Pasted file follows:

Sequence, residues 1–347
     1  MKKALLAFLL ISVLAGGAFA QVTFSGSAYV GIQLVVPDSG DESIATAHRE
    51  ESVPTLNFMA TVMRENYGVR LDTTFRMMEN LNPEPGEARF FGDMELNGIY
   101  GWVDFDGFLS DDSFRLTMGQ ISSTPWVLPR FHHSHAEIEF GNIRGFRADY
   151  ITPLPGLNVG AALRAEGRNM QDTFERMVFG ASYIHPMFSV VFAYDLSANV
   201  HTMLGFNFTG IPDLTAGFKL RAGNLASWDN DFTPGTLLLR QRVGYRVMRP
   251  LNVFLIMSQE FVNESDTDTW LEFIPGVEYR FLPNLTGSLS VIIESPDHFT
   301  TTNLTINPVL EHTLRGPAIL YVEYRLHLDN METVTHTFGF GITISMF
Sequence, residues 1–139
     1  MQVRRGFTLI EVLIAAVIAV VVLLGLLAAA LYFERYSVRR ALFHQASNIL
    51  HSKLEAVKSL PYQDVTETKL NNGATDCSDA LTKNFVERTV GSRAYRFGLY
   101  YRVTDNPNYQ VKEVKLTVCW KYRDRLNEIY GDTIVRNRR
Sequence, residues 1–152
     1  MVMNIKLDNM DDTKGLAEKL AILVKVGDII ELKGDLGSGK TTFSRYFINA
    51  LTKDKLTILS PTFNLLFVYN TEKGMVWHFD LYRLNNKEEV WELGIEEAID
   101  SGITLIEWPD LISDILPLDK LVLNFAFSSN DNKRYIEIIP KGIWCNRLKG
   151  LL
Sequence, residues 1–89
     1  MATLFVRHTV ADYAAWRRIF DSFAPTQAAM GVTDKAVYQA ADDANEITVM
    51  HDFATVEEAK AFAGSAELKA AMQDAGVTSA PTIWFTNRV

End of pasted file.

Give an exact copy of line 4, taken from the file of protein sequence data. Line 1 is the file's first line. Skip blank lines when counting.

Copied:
   101  GWVDFDGFLS DDSFRLTMGQ ISSTPWVLPR FHHSHAEIEF GNIRGFRADY